Transitional and dynamic postural assessments are the way to assess the action functional status of the athlete due to the importance of posture in all movements we go through. We will look at these five kinetic checkpoints specific to the dynamic and transitional assessments of posture. 

  • The feet
  • Knees
  • LPHC
  • Shoulders
  • Head

The traditional postural assessments that you should go through and learn the procedures and the purposes for will be the overhead squat, the single leg squat, the pushing assessment, and the pulling assessment. It is important to know the common compensations we will see at these checkpoints we mentioned. 

The dynamic posture assessments to know the procedures and the purpose will be the landing error scoring system. 

Performance assessments can be used to assess the overall performance of athletes. 

These assessments measure stability, strength, power, speed, agility, quickness, and conditioning.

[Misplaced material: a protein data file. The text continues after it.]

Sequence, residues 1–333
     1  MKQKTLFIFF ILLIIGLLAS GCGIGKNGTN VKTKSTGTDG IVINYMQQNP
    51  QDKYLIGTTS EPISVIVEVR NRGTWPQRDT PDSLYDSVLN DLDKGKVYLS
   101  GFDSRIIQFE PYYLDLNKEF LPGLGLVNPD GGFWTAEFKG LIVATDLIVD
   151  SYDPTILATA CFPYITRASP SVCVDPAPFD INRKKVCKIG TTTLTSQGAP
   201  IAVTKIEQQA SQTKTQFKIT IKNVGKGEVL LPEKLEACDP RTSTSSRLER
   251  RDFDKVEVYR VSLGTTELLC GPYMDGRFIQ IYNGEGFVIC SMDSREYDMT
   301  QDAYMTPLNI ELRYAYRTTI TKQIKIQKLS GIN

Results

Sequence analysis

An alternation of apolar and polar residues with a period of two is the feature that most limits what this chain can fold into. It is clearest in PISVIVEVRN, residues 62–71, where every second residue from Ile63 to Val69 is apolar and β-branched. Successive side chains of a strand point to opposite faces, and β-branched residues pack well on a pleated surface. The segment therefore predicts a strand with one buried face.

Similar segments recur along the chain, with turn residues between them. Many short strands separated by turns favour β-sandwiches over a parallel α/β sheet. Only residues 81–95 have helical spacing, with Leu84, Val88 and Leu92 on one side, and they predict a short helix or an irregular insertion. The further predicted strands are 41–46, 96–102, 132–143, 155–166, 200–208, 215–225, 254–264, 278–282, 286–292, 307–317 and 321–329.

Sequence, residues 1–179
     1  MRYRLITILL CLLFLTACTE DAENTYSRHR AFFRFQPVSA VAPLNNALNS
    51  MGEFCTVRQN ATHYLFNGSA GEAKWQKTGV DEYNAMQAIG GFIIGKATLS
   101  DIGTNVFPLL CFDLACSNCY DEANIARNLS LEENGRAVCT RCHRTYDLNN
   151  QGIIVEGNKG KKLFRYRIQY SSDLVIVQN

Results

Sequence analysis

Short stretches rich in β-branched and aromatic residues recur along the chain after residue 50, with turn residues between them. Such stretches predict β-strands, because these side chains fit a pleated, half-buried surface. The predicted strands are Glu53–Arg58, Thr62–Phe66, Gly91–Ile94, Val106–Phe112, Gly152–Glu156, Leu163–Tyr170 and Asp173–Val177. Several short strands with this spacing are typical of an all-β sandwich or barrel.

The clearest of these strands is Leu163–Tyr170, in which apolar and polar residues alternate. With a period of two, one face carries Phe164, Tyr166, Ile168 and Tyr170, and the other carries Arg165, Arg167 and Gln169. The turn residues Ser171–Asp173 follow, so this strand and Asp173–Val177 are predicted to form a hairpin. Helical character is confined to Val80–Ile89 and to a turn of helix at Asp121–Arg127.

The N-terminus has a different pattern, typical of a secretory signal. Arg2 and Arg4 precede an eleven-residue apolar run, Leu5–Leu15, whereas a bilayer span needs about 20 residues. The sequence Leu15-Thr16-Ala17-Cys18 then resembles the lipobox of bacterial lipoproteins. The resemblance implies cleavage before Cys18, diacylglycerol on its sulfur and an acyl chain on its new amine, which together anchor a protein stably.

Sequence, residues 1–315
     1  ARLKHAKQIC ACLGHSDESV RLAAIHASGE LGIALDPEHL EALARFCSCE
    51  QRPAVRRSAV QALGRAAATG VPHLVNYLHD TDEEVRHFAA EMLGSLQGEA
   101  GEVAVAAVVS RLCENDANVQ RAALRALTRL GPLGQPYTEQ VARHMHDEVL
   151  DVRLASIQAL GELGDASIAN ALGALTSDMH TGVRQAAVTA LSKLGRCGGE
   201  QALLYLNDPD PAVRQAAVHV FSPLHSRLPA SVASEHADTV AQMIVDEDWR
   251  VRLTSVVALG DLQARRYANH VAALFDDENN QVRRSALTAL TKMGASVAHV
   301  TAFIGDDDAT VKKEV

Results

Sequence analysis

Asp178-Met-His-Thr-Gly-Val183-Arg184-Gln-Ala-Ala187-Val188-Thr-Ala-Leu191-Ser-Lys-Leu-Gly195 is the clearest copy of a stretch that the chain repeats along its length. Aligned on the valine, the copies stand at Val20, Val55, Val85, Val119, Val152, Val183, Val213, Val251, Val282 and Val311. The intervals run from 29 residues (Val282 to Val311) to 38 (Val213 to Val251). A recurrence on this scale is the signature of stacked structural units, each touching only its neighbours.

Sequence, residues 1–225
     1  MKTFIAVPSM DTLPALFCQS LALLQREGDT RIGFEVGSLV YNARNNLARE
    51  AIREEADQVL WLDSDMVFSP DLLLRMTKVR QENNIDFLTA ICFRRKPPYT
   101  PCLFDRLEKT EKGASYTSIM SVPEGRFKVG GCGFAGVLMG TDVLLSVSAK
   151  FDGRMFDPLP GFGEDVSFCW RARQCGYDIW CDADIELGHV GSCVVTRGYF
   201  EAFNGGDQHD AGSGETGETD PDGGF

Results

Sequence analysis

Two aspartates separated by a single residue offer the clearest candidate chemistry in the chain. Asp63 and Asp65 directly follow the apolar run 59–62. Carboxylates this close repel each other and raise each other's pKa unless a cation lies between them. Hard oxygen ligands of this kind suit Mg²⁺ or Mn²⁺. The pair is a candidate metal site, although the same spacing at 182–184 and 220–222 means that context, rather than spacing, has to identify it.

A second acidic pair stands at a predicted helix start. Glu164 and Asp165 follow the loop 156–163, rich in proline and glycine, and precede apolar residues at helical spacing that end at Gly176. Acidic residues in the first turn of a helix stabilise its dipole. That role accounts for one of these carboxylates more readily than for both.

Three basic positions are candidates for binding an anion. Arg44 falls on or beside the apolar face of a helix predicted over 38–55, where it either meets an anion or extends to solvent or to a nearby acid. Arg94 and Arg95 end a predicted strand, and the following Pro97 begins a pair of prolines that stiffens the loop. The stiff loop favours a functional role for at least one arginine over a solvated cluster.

Core stability assessments for you to know the procedure and the movements and any compensation information will be the likes of the double leg lowering test, Sorensen erector spinae test, single leg star balance excursion test, and the Davies test. 

For strength assessments, we have any resistance exercise actually being able to represent this part. 

We commonly will use the bench press test, the squat, and of course pull ups and push-ups. 

For power assessments, we will use the likes of the power clean, rotation medicine ball throw, overhead medicine ball throw, standing soccer throw, double leg vertical jump, single leg vertical hop, double leg horizontal long jump, single leg horizontal hop, and the shark skill test. 

The speed and quickness, and agility assessments that we should thoroughly know are the 10 yard sprint, 20 yard sprint, 30 yard sprint, 40 yard sprint, the lower extremity functional test, the 5 – 10 – 5 tests, and the many variations of these that focus on varying forms of agility and speed changes. 

Our metabolic assessments will include the tests like the 300 yard shuttle, 20 meter multistage shuttle, and the one mile run. 

Again, make sure to know these procedures and the pictures shown so you can easily identify what test is what. 

Tyler Read - Certified Personal Trainer with PTPioneer

Tyler Read